This ordeal lasted for two days. Then Croatia started to react. A few kilometers away, in Opatovac at the Danube river, they used a military base to set up an actual refugee camp. There they did have tens, water, toilets and food. Even though this place had a capacity of 2000 to 3000, it was overcrowded quickly.
This meant that hundreds of newly arrived refugees had to wait in front of the camp, in many cases for an entire day, until they were processed. Again, without the volunteers on site those waiting would not have had water, food or blankets. And it was getting colder.
The train station of Tovarnik served as a valve the Croatians used. They sent trains which took 1000 asylum seekers at a time to the Slovenian and Hungarian borders. From there, most went further north-west, to Austria, Germany, France and the Netherlands.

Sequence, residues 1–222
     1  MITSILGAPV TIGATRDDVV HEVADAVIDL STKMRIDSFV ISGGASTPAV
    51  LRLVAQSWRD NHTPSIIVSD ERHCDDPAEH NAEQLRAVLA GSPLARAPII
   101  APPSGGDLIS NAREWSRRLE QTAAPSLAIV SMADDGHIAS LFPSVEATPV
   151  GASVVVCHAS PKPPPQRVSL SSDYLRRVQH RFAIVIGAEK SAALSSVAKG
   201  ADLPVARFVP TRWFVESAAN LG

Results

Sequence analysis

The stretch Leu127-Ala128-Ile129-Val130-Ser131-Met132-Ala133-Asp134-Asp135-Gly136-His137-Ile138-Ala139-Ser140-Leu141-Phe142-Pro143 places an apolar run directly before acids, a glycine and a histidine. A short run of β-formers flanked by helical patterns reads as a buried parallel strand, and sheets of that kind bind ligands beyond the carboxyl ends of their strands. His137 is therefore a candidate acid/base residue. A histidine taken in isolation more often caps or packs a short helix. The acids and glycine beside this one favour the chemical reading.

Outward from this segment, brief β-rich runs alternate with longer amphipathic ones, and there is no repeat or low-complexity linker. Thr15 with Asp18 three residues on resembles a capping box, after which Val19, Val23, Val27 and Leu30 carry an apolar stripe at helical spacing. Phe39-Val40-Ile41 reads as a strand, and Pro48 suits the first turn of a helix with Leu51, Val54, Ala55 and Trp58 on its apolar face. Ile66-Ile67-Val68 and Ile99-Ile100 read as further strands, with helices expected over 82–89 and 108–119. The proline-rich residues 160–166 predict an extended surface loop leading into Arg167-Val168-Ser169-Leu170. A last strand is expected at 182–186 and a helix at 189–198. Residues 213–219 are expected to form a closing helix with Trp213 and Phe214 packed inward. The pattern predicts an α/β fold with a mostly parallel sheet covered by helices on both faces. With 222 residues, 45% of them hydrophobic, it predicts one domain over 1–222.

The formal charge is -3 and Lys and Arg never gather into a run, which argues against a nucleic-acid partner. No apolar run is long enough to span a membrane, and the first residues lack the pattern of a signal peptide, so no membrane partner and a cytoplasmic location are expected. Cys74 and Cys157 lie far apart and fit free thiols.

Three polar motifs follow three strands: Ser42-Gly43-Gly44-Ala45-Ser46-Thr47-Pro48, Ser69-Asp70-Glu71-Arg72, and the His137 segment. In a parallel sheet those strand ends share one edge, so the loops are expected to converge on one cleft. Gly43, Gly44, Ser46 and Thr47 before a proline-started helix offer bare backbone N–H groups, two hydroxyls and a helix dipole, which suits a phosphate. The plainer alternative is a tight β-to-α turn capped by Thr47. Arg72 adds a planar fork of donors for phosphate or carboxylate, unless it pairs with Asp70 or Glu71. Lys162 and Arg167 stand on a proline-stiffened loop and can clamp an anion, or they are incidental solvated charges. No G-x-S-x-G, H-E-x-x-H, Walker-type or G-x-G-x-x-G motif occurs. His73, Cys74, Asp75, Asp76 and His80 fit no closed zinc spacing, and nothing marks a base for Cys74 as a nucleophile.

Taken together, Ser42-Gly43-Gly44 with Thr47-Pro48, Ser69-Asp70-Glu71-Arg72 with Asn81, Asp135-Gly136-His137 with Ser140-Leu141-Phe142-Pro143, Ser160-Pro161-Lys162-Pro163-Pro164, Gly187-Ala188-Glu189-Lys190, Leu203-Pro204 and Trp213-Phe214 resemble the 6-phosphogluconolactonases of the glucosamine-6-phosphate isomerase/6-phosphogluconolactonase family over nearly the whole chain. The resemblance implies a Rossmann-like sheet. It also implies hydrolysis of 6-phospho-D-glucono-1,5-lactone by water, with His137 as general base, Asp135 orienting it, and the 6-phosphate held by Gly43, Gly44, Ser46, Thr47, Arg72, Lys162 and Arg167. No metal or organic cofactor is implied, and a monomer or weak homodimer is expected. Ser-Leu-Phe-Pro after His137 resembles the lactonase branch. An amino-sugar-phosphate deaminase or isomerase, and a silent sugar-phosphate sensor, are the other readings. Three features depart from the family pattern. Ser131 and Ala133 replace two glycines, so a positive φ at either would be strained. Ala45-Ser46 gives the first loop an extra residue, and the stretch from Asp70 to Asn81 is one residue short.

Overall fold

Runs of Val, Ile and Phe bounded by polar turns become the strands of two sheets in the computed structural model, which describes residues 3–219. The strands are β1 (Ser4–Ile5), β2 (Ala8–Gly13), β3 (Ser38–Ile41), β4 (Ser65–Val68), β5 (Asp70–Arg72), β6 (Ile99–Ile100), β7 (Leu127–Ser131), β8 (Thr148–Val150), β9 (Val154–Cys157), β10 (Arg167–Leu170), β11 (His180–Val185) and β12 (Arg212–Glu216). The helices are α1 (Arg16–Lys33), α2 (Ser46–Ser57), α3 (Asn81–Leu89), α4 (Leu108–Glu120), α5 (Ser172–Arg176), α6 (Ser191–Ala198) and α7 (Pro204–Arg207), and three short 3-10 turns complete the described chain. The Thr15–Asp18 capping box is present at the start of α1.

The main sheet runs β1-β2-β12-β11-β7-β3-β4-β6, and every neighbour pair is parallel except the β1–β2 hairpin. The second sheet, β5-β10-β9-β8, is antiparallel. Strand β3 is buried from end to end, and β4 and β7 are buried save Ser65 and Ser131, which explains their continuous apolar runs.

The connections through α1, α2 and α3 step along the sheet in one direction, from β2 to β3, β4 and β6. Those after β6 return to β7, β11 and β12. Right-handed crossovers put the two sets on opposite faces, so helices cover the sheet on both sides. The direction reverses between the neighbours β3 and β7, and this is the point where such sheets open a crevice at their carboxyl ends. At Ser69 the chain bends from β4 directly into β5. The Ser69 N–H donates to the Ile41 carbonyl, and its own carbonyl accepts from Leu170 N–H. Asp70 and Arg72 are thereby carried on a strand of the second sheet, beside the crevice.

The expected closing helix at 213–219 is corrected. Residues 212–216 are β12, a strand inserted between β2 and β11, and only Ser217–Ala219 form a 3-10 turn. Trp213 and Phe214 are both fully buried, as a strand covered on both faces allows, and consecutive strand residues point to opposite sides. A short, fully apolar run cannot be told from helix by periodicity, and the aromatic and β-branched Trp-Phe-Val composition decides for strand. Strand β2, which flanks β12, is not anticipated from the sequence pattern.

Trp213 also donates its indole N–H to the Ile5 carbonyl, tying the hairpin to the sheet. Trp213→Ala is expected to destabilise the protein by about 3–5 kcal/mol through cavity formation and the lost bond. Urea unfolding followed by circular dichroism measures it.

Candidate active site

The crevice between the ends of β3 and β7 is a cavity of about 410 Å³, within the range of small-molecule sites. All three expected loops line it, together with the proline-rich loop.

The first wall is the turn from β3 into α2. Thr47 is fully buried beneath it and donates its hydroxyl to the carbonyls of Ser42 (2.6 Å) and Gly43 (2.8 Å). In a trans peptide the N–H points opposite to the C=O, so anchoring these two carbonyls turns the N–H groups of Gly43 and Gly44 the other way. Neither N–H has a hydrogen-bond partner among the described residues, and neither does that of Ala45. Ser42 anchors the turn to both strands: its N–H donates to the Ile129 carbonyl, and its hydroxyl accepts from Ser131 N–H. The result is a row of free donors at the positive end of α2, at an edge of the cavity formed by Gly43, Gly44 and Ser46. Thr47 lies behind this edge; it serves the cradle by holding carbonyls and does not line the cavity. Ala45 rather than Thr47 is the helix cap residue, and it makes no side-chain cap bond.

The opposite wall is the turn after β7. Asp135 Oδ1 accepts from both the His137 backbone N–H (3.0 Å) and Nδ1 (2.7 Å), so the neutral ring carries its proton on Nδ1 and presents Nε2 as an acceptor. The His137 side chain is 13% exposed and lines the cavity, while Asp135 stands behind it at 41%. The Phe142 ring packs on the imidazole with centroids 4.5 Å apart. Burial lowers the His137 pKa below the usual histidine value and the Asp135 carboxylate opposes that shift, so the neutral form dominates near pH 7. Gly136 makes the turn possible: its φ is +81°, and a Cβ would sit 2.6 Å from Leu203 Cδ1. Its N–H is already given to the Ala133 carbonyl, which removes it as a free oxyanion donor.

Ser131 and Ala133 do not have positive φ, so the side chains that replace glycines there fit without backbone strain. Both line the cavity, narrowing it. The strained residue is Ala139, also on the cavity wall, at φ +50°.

No Choice for Merkel
In spite of the camp, conditions continued to be dire for thousands of refugees. Once they came walking across the border into Croatia, they were driven to Opatovac in buses. But the capacity was not sufficient. So thousands had to walk along rural roads for 32 kilometers (20 miles), at 8 degrees Centigrade (46 degrees Fahrenheit), at night and in the rain. Most of the migrants wore shorts or light pants and t-shirts. Again, children and adults got colds.
At this point, what should the German government have said, when hundreds of thousands of refugees arrived? Should Berlin have told them to go back home? And, had they conveyed that message, would the asylum seekers have listened? Chancellor Angela Merkel is still being criticized for saying “We will manage.” But she said so when the refugees were already “flooding” Europe.